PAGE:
What is thought provoking here is that this estimated amount is more than the aid that hits the continent annually.
There is an opportunity here. Africa needs the Diaspora as they also need their motherland. The relevant question then is how can they be integrated into the development of the country and continent at large?
This perhaps is the angle the discourse in Botswana should have taken. What structures is the government putting in place to benefit from the “prodigal” children? The cry for preferential treatment will not be heard and we all will protest. We all negotiate our way through finding land, paying for it and developing. We all decry access to financing for business or asset acquisition. Even the coming of the well intentioned Citizens’ Economic Empowerment Commission (CEEC) has not in anyway changed that. With all these challenges, no one would expect those requests from Gaborone to be welcome.
The key questions
This is because questions abound. Do the Diasporans earn the right to be treated differently on account of income? Is it a fact that they earn far much more than locals to warrant this special place? Should the incentives be for their personal benefit such as putting up a house? Or more meaningful activities that can add value to an economy hungry for growth?
The cardinal question also is how much money is being made in the Diaspora?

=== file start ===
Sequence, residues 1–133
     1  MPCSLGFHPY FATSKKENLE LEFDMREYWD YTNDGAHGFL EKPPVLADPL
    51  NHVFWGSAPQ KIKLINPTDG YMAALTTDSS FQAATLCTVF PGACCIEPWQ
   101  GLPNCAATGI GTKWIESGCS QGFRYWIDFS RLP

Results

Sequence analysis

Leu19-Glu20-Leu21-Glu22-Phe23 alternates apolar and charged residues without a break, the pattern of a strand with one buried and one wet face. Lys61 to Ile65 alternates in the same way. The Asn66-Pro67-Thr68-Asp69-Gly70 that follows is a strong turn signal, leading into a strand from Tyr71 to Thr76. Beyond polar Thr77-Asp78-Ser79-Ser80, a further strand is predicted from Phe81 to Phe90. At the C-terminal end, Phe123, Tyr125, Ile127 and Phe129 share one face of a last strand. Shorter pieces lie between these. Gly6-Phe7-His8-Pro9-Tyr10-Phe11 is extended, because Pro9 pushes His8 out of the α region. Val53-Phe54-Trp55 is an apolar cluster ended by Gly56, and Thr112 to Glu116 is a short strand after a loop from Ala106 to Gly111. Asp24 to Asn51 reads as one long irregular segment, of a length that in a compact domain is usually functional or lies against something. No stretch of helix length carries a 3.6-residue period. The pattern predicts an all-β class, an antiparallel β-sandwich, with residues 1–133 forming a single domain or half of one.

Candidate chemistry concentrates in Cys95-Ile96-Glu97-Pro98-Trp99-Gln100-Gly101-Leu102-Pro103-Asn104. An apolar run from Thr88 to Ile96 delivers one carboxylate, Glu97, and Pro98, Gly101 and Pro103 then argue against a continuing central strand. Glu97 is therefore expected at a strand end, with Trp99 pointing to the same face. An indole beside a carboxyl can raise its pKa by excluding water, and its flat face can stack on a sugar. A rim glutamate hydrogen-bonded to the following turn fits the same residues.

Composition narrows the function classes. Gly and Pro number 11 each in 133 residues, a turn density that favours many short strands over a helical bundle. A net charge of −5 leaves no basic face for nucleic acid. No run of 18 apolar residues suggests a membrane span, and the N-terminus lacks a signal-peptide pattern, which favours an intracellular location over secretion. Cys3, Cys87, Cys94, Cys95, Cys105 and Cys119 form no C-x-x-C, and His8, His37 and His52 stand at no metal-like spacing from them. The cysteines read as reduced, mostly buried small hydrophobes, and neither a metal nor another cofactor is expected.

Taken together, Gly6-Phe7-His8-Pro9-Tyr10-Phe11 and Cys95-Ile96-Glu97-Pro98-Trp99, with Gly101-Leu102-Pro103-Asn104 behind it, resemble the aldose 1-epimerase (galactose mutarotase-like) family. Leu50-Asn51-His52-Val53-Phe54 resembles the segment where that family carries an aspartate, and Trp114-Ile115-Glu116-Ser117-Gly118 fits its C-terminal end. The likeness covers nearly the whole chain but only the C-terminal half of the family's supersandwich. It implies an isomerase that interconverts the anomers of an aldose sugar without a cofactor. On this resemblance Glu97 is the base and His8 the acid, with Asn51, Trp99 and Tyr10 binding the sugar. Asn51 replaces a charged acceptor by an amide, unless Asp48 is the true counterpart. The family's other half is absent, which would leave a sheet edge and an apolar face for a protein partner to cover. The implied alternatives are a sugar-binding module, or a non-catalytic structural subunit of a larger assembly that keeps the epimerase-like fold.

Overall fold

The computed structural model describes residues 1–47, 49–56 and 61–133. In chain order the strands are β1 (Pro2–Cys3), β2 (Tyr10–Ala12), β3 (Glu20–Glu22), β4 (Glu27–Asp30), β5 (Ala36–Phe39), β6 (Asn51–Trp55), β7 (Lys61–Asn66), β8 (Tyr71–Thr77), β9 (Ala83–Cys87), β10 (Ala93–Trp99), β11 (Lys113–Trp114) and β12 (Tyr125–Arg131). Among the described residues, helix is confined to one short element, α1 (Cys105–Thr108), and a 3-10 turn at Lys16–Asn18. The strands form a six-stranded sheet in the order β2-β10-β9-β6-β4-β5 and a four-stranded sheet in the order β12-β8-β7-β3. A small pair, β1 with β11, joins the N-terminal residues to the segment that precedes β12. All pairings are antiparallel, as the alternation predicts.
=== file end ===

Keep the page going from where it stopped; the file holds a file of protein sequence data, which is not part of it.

This discussion should take a more comprehensive and structured form than it has currently. Latin America has deliberate structures in place to tap into their nationals in the Diaspora. Nigeria and Rwanda are on record as having set off on this path to integrate the involvement of their nationals in economic development. Zimbabwe has benefited tremendously over the last decade from their Diasporans.
Actions worth pursuing
It follows then that we need to do a few things as a nation through our government. Firstly, how much money is being made out there that can find its way to Zambia?
Secondly, what incentives or investment schemes can be devised to entice the diasporans to invest back home for the benefit of the nation? In relation to this, what then will be the structures needed to support this? We must be able to track what is being made and can be channelled back home.
Thirdly, what should be done to ensure the opportunities our brothers and sisters chase out there are created in Zambia? This will in the long term mean we have our skills being applied for the advancement of Zambia instead of other countries. This is especially critical in fields such as health and education, cardinal pillars for development.
In the final analysis, my take is that preferential treatment must not come because I have gone out of the country. Let us distinguish which diasporans need support and incentives whose end result will be the nation’s development. Through remittances and real investments.
In the absence of all this, it will be just another noisy debate that yields nothing of benefit for our country.
So for my brothers and sisters out there, put your hand up and earn your place at the table of preferential treatment.